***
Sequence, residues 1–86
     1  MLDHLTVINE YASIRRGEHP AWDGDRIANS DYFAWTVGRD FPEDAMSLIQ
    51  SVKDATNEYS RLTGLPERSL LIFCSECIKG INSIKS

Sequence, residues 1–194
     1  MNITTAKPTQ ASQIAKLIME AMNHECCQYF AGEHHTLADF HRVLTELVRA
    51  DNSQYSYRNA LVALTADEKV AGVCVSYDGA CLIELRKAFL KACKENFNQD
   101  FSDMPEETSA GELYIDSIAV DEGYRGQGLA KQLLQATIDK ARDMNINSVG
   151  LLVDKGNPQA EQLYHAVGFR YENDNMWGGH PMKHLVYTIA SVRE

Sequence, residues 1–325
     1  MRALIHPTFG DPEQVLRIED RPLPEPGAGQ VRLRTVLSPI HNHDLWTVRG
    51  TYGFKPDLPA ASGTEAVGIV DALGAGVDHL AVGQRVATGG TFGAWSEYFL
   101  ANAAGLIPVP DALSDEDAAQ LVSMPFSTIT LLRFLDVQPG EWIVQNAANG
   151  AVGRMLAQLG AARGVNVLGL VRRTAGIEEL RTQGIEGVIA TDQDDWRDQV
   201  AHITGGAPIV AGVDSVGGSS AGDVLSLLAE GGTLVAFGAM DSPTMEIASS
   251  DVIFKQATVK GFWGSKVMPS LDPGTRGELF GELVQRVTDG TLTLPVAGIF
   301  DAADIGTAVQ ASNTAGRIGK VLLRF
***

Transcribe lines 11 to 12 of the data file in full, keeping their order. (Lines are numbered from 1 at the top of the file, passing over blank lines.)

    51  TYGFKPDLPA ASGTEAVGIV DALGAGVDHL AVGQRVATGG TFGAWSEYFL
   101  ANAAGLIPVP DALSDEDAAQ LVSMPFSTIT LLRFLDVQPG EWIVQNAANG